THE first major change Stuart Maginnis implemented on becoming headteacher of Farnham Heath End School earlier this month was to ban mobile phones from the school site.

It didn’t immediately endear him to his new school population - but, a few weeks on, Stuart says his decision is already reaping rewards; the first step towards changing the culture at the struggling secondary school and setting pupils on what he terms “the road to great”.

“When I came in I was uncomfortable with the school’s very open mobile phone policy,” Stuart told The Herald.

“I went into the restaurant and students, rather than talking and engaging and having a nice time, were sitting down playing games on their phone and walking along corridors taking selfies.

“I don’t like that, and it’s not the culture I want in the school, so I banned the use of mobile phones from day one.

“There was some stuff on social media about ‘who is this guy, coming in and taking our phones’. But the students and the staff were fantastic - they just got on with it, and you come and have lunch with them now and they’re talking to each other. That’s what schools are about.”

Heath End was handed a ‘requires improvement’ rating by Ofsted after its last inspection in February 2016 and stubbornly lags behind its more illustrious neighbours All Hallows and Weydon in the GCSE league tables.

But in a bid to reverse its fortunes, the school joined the Weydon Multi-Academy Trust (MAT) in April 2017, and following Nick Phillips’ departure as headteacher in December, the path was cleared for Stuart to take over the reigns.

A product of high-flying Weydon School, Stuart first joined Weydon as a trainee teacher 18 years ago and worked his way up from PE teacher to head of year, assistant head, deputy head and eventually co-principal before moving across the town to become a principal in his own right.

“I can’t beat about it, the results are poor here, and because of that people - pupils and teachers - don’t want to come here,” he said.

“The biggest challenge I have for the school, financially, is at the moment we have between 160 and 180 students in a year group. My target for September is to get to 220 - and that’s for two reasons.

“The obvious one is finance, to get more money into the school to develop, because the site’s tired. And then secondly, if I’ve got more kids coming in, we can hire more staff and get some really cracking, outstanding teachers here.

“I need bums on seats and it’s going to be an exciting journey!”

A key part of Stuart’s focus is giving students a reason to feel proud - of their own achievements as well as the fabric of the school itself - and in coming weeks he expects to see ambitious plans come forward to revitalise the Heath End School site.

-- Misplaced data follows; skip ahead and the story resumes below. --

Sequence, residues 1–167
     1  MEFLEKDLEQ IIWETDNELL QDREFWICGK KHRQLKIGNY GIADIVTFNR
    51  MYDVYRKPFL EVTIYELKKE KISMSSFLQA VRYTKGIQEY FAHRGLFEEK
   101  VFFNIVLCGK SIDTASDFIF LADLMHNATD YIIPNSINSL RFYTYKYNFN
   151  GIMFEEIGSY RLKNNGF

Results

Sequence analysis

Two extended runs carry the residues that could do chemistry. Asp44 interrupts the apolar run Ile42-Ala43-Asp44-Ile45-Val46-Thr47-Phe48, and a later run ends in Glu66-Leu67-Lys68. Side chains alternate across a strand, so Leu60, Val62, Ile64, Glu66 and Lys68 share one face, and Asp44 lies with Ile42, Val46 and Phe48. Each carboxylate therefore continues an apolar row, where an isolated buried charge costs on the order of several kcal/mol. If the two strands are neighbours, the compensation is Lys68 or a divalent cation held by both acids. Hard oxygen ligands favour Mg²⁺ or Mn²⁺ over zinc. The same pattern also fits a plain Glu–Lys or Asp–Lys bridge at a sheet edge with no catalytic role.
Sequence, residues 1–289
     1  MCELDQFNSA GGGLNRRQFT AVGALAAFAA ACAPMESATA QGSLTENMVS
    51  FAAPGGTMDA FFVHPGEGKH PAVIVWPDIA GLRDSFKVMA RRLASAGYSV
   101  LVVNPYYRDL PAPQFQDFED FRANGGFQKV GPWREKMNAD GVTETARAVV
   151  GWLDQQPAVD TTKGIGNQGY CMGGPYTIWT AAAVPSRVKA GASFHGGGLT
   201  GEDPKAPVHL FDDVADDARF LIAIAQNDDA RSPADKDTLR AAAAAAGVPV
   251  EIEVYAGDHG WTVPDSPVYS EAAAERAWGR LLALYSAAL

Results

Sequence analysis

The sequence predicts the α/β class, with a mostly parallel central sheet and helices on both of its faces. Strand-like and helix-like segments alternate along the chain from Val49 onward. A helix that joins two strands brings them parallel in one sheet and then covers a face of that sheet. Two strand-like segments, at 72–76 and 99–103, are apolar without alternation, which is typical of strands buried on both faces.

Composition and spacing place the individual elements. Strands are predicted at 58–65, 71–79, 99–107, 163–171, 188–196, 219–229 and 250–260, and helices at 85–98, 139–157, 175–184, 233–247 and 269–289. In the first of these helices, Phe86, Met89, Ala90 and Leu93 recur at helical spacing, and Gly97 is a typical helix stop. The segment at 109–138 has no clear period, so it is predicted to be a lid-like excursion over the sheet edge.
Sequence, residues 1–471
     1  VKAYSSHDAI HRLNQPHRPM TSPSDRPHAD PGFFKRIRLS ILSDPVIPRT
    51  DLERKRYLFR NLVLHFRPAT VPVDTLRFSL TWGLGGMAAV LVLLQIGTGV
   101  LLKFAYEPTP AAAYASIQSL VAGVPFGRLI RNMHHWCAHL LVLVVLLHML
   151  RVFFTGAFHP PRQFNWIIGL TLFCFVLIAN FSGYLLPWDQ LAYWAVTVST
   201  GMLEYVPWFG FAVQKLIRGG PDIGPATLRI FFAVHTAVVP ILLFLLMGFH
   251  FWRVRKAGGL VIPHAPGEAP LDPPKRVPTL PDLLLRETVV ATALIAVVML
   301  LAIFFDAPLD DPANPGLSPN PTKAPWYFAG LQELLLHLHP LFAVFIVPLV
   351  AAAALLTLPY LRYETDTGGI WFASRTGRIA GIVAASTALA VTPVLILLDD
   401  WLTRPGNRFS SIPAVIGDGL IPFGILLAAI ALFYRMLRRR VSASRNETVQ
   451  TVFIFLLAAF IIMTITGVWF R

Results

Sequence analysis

This comes after Surrey County Council signed off plans in December to expand the school by an additional 30 places per year - including the promise of a new “world class” sports hall and additional dining space, classrooms, science and ICT facilities, as well as a new specialist learning needs area.

“This school has so much potential,” Stuart added. “We have loads of really exciting plans, and the young people have been so welcoming, they’re just fantastic. But can we truly say have we given them a school they can be proud of?

“If we’re being honest, it’s a bit depressing isn’t it, to see the school in its present state. It’s true and I need to have a huge push on getting this place right, so that our students get the best deal because they’re great.”

Stuart credits a large part of Heath End’s newfound optimism to its membership of the Weydon MAT, adding the school is already sharing teaching staff and resources with its fellow MAT members Weydon, The Ridgeway School and Woolmer Hill in Haslemere.

But despite the obvious influence of Weydon, he recognises that Heath End has its own unique character and is clear that the school must retain its own voice.

“I’m trying to replicate Weydon’s success in terms of having a national reputation and a strive for excellence, but it needs to be with a Farnham Heath End touch,” he said.

“What I’m not going to create is a Weydon ‘mark two’. I’m going to create the demand for excellence that Weydon has, but in Farnham Heath End’s style.

“There isn’t a more privileged job in society than looking after other people’s children. We are the custodian of their futures, and I have to make sure the doors don’t get shut.

“If they want to go to university, then they can go to university, if they don’t then they don’t, but they should have the choice, and therefore I have to work them hard academically.

“But schools should be about their soul, and that comes from the football team, the netball team, the drama society, the debating club - that’s what I need to bring into this place, a bit of soul.”